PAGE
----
My mother and father were married for almost 60 years, and my mother just passed away. I grew up an only child. I am my father’s only child; however, my mother was married before him and has a son who is my half-brother. She didn’t raise him, nor did she see him until he looked her up about 20 years ago.
When my mother died, my father wanted to make sure I inherited their home, their savings and their personal property without it going through probate, ensuring nothing could be contested. This is what he did. He filed a transfer-on-death deed with the county recorder in our county in regards to the house. When he dies, the house will automatically go in my name. No probate needed.
“‘My half-brother is 10 years older than me and a very nice man. I’ve seen him maybe four or five times at most in the last 20 years and never before that. We really don’t stay in contact.’”
He then went to the bank, and on his checking and savings he made the accounts TOD (transfer on death) to me. The only thing left is the furniture and personal contents of the house, which he left in his will to me. His wishes are that I inherit everything, and they were the wishes of my mother too.
My half-brother is 10 years older than me and a very nice man. I’ve seen him maybe four or five times at most in the last 20 years and never before that. We really don’t stay in contact. My dad says the house will pass to me in a transfer-on-death deed, so it cannot be contested by my half-brother. Is that correct? Have we done the right thing? And are we overlooking anything?
Half-Sister and Daughter in Missouri
A transfer-on-death deed means the house becomes yours after your father’s passing. It works in the same way as a beneficiary on a bank account or insurance policy. As you say, it also avoids probate — the public accounting of your father’s assets and liabilities — because the house transfers to you upon his death. It is an alternative to putting you on the deed today. This way, he maintains responsibility for and ownership of the property during his lifetime.
If your mother had died intestate — without a will — your half-brother may have had a legal basis to make a claim on her estate as a legal heir. Under Missouri intestate law, a spouse inherits the first $20,000 of intestate property, plus half of the balance, and the children inherit the rest. However, assuming your parents owned their home under a joint tenancy agreement, your father would have become the sole owner of their house upon your mother’s death.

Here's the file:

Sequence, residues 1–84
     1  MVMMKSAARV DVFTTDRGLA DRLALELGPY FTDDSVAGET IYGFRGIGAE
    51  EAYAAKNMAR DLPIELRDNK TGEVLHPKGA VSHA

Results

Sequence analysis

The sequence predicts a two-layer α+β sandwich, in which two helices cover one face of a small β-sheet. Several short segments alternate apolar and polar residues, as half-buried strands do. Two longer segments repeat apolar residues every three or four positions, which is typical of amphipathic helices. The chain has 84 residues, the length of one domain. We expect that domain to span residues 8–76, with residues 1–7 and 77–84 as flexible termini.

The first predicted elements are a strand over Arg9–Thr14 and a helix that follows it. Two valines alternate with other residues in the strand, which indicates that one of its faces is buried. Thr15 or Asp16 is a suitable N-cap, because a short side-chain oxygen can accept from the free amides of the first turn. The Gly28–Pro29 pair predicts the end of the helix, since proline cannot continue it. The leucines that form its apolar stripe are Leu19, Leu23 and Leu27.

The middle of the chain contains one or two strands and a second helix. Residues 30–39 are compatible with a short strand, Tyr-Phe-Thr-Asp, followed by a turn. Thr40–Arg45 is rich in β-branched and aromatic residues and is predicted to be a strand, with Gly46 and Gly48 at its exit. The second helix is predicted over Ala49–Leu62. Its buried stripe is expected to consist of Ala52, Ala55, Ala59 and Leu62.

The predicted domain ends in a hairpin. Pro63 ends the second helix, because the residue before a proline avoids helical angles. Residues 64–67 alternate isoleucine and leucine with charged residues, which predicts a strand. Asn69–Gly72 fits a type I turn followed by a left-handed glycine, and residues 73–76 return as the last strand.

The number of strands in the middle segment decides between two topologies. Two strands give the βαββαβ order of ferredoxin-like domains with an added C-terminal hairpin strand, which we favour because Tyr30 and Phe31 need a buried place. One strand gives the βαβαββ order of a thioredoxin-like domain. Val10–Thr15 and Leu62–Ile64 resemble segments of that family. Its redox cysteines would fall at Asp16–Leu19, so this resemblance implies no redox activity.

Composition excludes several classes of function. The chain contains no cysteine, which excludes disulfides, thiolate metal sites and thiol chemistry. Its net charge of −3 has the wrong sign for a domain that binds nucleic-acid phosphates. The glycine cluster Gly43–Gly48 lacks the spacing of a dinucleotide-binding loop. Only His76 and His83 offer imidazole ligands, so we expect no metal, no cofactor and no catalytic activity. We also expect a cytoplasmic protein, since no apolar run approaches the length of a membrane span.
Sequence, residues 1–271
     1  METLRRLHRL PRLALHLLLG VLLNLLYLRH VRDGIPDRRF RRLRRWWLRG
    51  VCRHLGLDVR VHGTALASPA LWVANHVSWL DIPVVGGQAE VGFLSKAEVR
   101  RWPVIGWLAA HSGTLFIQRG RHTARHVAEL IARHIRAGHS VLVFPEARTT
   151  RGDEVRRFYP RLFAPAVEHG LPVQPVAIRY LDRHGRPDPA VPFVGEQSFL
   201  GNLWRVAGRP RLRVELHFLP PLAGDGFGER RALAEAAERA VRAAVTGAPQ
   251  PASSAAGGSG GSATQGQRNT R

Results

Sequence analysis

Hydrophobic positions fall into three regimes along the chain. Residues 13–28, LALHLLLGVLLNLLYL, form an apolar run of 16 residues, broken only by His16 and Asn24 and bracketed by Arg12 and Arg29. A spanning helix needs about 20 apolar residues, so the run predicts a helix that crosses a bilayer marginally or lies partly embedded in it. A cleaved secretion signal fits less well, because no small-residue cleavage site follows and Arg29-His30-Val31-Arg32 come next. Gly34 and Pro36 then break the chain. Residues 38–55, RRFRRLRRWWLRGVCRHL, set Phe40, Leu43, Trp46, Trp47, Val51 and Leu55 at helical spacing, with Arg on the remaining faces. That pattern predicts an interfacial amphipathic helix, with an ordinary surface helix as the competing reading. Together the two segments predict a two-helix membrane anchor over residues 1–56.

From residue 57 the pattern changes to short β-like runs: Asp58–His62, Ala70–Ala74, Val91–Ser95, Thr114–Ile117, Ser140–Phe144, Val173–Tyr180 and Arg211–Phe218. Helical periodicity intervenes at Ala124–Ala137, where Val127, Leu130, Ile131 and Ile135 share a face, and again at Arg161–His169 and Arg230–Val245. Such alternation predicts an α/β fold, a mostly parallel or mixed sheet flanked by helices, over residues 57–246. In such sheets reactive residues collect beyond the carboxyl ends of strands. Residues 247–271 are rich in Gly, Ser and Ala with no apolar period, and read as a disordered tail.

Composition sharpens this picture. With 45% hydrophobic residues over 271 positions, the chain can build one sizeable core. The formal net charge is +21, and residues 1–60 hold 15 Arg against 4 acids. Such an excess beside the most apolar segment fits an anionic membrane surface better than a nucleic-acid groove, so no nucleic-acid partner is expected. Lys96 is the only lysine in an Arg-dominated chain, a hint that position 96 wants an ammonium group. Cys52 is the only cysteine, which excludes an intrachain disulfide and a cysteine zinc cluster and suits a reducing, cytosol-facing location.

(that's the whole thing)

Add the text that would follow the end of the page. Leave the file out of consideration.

As MarketWatch columnist Howard Gold writes: “Joint tenancy with rights of survivorship (JTWROS) can be used for ownership of not only real estate but also checking, savings, fund and brokerage accounts. Under JTWROS, all ‘tenants’ have equal ownership rights and upon the death of one owner the property automatically passes on to the surviving tenants. Unlike the two other principal forms of ownership, JTWROS applies to non-married couples as well.”
Are you doing the right thing? It’s not a question of right or wrong. Your parents are entitled to leave their estate to one child. It’s their estate and their choice. Given that your mother did not raise her son, and he has a separate and successful life, it does not seem unreasonable that your father and late mother wanted you to inherit their entire estate, especially as your mother predeceased your father. Bottom line: Your half-brother is not a legal heir to your father’s estate.
Are you overlooking anything? That’s a question for your estate lawyer. A transfer-on-death or beneficiary deed needs to be notarized and filed in the county land records before your father’s death. Under Missouri law, you must outlive your father by 120 hours. The home is not considered a gift, so there are no gift taxes due. This kind of property transfer is also preferable to the complex and often expensive procedures involved in putting a property in a trust.
The best part of your story is that you are in contact with your half-brother, and you have a cordial and mutually supportive relationship. I hope that continues for many years to come. You would not always know it from reading this column, but there are more important things in life than money.
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